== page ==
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Temperature and strain change the grating period as well as the grating refractive
index. Consequently, the response of the grating device is changed when
temperature and strain distributions change.

## Strain-optic effect of fiber Bragg grating

The changes of optical indicatrix caused by strain are:

where, ε1 = ε2 = –vε, ε3 = ε, ε4 = ε5 = ε6 = 0 (no shear strain), and ε
being the axial strain in the optical fiber. The symbol v denotes the Poisson’s ratio
for the fiber.

The strain-optical tensor for a homogeneous isotropic material is:

where Pij are the strain-optic constants,

The refractive index change is:

where the strain-optic coefficient y is defined as:

The grating period changes is:

The default strain distributions that can be applied to a fiber grating are listed below:

• Uniform

where ε0 is the constant strain.

• Linear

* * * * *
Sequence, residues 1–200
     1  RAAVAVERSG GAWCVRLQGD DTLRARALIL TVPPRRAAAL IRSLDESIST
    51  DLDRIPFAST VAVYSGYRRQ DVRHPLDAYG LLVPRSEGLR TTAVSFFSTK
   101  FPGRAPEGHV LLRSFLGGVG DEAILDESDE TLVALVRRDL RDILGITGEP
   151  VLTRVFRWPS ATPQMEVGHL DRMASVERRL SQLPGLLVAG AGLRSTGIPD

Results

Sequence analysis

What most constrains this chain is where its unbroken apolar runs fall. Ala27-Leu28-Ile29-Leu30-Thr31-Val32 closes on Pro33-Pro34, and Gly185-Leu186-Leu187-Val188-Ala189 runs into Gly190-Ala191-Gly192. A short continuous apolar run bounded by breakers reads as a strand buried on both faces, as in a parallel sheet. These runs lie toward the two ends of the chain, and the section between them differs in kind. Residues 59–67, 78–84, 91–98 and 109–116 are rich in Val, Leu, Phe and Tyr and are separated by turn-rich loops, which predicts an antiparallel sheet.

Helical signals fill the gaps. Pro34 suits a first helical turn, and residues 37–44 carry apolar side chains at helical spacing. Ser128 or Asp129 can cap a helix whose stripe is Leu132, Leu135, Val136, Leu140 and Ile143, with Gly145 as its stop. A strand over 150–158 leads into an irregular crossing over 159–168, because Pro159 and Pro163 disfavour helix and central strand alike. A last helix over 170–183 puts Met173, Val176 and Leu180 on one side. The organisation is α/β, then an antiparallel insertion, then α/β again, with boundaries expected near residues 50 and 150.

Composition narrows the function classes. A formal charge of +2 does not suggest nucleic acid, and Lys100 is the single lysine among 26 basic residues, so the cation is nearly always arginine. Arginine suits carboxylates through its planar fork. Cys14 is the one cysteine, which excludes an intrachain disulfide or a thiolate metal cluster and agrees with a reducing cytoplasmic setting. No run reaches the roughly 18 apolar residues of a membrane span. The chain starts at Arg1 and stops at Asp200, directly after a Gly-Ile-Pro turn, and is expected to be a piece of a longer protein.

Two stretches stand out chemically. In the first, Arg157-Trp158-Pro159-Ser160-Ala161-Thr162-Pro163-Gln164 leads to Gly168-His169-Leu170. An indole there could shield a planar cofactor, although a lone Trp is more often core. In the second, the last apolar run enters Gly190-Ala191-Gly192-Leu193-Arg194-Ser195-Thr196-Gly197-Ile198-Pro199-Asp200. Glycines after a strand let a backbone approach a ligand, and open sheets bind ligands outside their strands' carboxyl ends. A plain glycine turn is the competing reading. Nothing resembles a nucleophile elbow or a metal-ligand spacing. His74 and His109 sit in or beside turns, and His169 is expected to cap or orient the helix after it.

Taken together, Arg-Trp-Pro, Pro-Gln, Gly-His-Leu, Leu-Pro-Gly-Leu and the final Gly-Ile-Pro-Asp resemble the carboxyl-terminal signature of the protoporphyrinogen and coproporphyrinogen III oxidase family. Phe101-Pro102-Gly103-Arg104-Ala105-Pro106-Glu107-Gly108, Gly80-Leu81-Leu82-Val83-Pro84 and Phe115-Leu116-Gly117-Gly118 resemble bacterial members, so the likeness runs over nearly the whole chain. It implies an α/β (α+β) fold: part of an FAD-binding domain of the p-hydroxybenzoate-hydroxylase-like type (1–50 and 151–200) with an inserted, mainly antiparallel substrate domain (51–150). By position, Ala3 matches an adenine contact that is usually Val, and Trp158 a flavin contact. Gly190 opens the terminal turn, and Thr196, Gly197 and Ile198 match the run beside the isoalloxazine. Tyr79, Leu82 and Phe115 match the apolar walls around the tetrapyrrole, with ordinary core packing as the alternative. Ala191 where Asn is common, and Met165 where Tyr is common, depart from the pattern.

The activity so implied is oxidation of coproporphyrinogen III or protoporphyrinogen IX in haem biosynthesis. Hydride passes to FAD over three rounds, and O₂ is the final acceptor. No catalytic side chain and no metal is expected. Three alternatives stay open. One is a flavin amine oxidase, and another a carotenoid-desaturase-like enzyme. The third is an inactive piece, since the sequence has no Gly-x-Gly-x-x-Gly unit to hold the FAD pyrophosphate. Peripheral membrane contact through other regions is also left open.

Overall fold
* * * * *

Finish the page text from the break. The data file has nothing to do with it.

where L is the grating length, ε(0) is the strain at z = 0, and ε(L) is the strain
at z =L

• Gaussian

where ε0 is the peak strain value and w is the normalized value of FWHM.
Other strain distributions can be defined by user functions.

## Thermal-optic effect of fiber Bragg grating

The temperature-induced refractive index change is:

where ξ is the thermo-optic coefficient of the fiber and ΔT is the temperature
change.

The temperature-induced grating period change is:

where η is the thermo-optic expansion coefficient.

The default temperature distributions that can be applied to a fiber are listed below:

• Uniform

where ΔT0 is the constant temperature.

• Linear

where L is the grating length, ΔT(0) is the temperature at Z = 0, and ΔT(L) is
the temperature at z = L.

• Gaussian

where ΔT0 is the peak temperature value and w is the normalized value of FWHM.
Other temperature distributions can be defined by user functions.